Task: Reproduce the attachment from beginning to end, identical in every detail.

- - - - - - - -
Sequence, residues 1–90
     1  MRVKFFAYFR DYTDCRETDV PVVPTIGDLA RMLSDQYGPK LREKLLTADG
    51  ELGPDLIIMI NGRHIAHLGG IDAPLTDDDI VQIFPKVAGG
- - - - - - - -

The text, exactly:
Sequence, residues 1–90
     1  MRVKFFAYFR DYTDCRETDV PVVPTIGDLA RMLSDQYGPK LREKLLTADG
    51  ELGPDLIIMI NGRHIAHLGG IDAPLTDDDI VQIFPKVAGG